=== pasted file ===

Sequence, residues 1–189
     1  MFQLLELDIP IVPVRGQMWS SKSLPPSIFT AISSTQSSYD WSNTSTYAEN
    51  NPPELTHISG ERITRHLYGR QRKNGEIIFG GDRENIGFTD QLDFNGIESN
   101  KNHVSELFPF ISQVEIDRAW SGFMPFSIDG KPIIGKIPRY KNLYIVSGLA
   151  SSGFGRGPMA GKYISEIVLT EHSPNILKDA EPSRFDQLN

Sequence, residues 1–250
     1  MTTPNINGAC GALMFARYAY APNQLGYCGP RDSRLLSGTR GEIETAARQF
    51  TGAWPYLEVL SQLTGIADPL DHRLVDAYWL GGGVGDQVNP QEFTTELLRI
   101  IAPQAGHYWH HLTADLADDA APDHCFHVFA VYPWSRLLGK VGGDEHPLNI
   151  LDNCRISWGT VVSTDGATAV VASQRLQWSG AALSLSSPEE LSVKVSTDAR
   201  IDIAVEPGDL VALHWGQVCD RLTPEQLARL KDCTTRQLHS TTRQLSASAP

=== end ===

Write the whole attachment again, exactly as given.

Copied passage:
Sequence, residues 1–189
     1  MFQLLELDIP IVPVRGQMWS SKSLPPSIFT AISSTQSSYD WSNTSTYAEN
    51  NPPELTHISG ERITRHLYGR QRKNGEIIFG GDRENIGFTD QLDFNGIESN
   101  KNHVSELFPF ISQVEIDRAW SGFMPFSIDG KPIIGKIPRY KNLYIVSGLA
   151  SSGFGRGPMA GKYISEIVLT EHSPNILKDA EPSRFDQLN

Sequence, residues 1–250
     1  MTTPNINGAC GALMFARYAY APNQLGYCGP RDSRLLSGTR GEIETAARQF
    51  TGAWPYLEVL SQLTGIADPL DHRLVDAYWL GGGVGDQVNP QEFTTELLRI
   101  IAPQAGHYWH HLTADLADDA APDHCFHVFA VYPWSRLLGK VGGDEHPLNI
   151  LDNCRISWGT VVSTDGATAV VASQRLQWSG AALSLSSPEE LSVKVSTDAR
   201  IDIAVEPGDL VALHWGQVCD RLTPEQLARL KDCTTRQLHS TTRQLSASAP